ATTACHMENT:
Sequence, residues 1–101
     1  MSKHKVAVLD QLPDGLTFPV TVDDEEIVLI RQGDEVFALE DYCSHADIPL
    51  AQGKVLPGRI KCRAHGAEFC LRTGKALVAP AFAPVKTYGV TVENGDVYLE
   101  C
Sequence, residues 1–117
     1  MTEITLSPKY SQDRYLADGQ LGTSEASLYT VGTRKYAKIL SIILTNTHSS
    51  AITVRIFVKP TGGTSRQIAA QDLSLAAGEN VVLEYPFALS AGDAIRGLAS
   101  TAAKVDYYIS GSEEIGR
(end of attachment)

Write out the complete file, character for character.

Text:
Sequence, residues 1–101
     1  MSKHKVAVLD QLPDGLTFPV TVDDEEIVLI RQGDEVFALE DYCSHADIPL
    51  AQGKVLPGRI KCRAHGAEFC LRTGKALVAP AFAPVKTYGV TVENGDVYLE
   101  C
Sequence, residues 1–117
     1  MTEITLSPKY SQDRYLADGQ LGTSEASLYT VGTRKYAKIL SIILTNTHSS
    51  AITVRIFVKP TGGTSRQIAA QDLSLAAGEN VVLEYPFALS AGDAIRGLAS
   101  TAAKVDYYIS GSEEIGR